• Another June 2014 complaint alleges that agents at the Otay Mesa port of entry in California “mocked” and “abused” a 15-year-old girl. She alleged that “when they searched her, they forced her legs apart and touched her private parts so hard she screamed.”
• A July 2014 complaint, filed by a 9-year-old child, alleges that an agent in a facility in Brownsville, Texas, called her and the other children “dogs” and other “ugly things,” banged on their cell door at night to interrupt their sleep, and laughed as he slammed the cell door open onto the detainees, injuring a young girl and declining to offer her care for her bleeding arm.
“The volume of the allegations, the consistencies across the allegations, is really deeply troubling for anyone who cares about the welfare of children and professionalism of our government officers,” said Ebadolahi “Imagine where you have serious allegations of sexual misconduct or physical abuse, saying, ‘I don’t remember that happening.’ ‘Okay, it didn’t happen.’”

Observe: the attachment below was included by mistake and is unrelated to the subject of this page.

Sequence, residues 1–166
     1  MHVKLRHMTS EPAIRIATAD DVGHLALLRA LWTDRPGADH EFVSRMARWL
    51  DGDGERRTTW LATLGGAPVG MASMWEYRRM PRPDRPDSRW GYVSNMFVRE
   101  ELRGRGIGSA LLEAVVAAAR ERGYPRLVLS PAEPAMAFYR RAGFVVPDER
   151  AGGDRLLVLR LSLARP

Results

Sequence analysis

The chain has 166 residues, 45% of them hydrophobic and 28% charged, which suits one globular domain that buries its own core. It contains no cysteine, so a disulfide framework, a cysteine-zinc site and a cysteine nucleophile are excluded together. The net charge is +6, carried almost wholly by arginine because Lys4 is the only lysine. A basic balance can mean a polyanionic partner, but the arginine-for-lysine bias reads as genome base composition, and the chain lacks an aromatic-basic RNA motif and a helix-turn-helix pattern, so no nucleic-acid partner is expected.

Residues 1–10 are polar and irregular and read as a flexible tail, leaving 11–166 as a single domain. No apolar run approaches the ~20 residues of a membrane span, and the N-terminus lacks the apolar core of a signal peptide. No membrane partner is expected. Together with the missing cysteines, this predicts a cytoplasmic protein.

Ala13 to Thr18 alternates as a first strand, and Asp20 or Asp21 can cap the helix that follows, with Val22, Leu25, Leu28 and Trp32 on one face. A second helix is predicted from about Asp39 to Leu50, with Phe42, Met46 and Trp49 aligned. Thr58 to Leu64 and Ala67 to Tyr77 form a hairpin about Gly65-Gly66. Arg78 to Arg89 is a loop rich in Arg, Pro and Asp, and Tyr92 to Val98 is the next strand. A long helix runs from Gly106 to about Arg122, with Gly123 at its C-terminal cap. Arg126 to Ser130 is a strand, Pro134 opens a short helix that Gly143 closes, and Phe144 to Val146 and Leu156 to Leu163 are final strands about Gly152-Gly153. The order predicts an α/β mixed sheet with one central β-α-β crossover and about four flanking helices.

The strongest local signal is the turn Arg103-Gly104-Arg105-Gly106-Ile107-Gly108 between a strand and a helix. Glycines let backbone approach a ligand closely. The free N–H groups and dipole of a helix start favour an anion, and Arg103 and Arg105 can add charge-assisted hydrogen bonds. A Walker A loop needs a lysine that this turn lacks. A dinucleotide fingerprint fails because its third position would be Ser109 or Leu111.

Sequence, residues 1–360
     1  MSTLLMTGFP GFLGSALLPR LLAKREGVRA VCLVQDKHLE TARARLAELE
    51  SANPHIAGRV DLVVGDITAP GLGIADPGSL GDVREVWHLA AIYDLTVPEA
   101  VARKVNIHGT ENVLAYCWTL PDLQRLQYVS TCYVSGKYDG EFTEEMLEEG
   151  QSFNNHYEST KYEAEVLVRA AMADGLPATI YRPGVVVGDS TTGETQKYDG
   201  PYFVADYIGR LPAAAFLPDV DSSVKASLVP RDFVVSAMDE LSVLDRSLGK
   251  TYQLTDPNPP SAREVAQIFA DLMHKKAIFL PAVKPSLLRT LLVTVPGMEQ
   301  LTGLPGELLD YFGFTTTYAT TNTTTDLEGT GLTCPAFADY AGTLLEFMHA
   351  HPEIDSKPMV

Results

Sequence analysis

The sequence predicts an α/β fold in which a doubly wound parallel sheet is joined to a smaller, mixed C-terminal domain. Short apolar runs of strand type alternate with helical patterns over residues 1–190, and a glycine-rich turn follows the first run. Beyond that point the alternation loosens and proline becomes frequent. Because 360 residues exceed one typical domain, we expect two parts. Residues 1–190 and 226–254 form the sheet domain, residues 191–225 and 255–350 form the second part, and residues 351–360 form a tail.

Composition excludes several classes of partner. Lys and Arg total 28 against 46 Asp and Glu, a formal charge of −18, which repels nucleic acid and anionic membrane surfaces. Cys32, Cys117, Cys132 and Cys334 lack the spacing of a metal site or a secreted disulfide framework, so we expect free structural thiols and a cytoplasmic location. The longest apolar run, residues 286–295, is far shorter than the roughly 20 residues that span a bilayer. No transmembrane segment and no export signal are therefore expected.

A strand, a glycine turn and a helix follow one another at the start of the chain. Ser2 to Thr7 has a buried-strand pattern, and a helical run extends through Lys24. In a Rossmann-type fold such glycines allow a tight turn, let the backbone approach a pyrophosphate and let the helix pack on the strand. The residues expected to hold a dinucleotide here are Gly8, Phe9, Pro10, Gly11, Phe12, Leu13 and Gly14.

James Tomsheck, who served as assistant commissioner for Internal Affairs at CBP during the Obama administration, said the widespread allegations of abuse are a direct result of a failure of accountability.
“Throughout my eight years in the organization, there were consistently problems with discipline …[and] how much discipline employees received for misconduct,” Tomsheck said. “The vast majority of CBP officers and Border Patrol agents execute the mission with high integrity and with appropriate restraint … [but] there’s a serious problem with discipline in the agency that enhances the idea that you are unlikely to be held accountable for misconduct, subsequently resulting in an increased amount of misconduct.”